When medical students graduate, their average debt is more than $161,000.
That's the highest average debt to date. Among the 86 percent of medical students who do graduate in debt, more than one in five from private medical schools have outstanding loans of $250,000 or more.
That's a quarter-million dollars they need to repay.
And it's not easy for medical students to do that when they decide to go into primary care, says a new study in the journal Academic Medicine. Primary care doctors act as the principal point of consultation for patients within a health care system, and will take care of many health problems – a cold, a headache, pain, the flu, trouble sleeping at night. If they can't treat a patient with their knowledge or with the resources available to them, though, that's when a primary care doctor would refer a patient to a specialist – someone who has an expertise in a particular, specific area (i.e., cardiologists and the heart, neurologists and the brain).
Analysts found that medical students who have the average amount of debt – around $161,000 – can enter primary care, raise a family, live in an expensive area and repay their debt within 10 years without incurring any more debt.
But it starts getting difficult for medical students with debts of $200,000 or more: If they want to work in primary care, they'll need to a consider an extended repayment plan or a federal loan repayment program.
And for aspiring primary care doctors with debts of $250,000 or more? They'll need to move to a cheaper area or look into repaying their loans on a 25-year plan model.
It's yet another reason for young health providers to choose a field that's not primary care, said Dr. Felix Aguilar, the chief medical officer of South Central Family Health Center.
"The common knowledge among medical students is that primary care is the least paid of all medical professions," he said, adding that it's true – out of residency, a medical student going into primary care will make around $140,000 annually. While that's "of course, a lot more money than most people make," Aguilar says, he notes that "medical education is also very expensive."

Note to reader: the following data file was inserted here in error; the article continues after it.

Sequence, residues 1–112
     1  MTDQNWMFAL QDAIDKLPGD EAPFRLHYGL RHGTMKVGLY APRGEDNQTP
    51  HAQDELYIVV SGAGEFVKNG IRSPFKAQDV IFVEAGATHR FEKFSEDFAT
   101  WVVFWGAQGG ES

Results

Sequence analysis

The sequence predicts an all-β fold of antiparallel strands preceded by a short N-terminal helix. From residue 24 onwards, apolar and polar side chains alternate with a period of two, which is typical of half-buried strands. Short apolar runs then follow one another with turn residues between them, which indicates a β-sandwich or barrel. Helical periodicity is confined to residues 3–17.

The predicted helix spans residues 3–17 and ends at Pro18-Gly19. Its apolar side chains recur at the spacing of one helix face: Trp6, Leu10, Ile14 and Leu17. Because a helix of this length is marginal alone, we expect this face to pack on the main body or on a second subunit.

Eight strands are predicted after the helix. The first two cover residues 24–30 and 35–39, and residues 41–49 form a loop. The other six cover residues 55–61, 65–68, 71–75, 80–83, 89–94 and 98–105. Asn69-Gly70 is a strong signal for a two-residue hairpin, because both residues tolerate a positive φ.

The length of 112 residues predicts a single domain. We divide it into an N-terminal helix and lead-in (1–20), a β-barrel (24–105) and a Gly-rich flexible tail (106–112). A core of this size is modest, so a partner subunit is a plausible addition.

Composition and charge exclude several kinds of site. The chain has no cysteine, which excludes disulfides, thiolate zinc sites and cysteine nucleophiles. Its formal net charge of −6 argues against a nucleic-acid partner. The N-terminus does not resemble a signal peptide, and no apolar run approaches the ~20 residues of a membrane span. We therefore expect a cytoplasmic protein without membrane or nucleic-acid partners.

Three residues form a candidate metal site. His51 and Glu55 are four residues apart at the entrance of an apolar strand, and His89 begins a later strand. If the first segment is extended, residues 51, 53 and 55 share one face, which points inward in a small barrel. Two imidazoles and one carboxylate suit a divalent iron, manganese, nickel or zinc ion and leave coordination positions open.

"It really makes people think twice about what they are going to do with this debt," he said.
Meaning it might make them think twice about going into primary care at all. But that's not good for an area like South Los Angeles, where Aguilar says primary care is far and away the biggest need among residents. (That's not to say specialty care isn't also in short supply on the southside.) When the Affordable Care Act's Medicaid expansion kicks in, the southside will see the number of people with access to health care grow by between 100,000 and 200,000.
Because of that, Aguilar predicts that within the next 10 years, most primary care won't be provided by doctors.
"It will be provided by mid-level providers: nurse practitioners, physician assistants," he said. "That's currently the trend, but it'll be accelerated with health reform, mostly because there's just a greater need for access and that's really going to create difficulties."
And that, said Aguilar, probably means that primary care doctors will continue to get paid less – relatively speaking. It's also a field with what he calls "tremendous workload issues" – primary care physicians are expected to see a patient every 15 minutes, while specialists tend to "have a lot more time."
Right now, only about 10 percent of medical students go into primary care, and Aguilar believes that number will go down.
In the Academic Medicine study, researchers found that more than half of the medical graduate class of 2011 had debts that exceeded $200,000, with 5 percent having incurred debts of $300,000 or more.
For those students, that's all the more reason to choose a more lucrative medical field that'll help them break even from those years of training.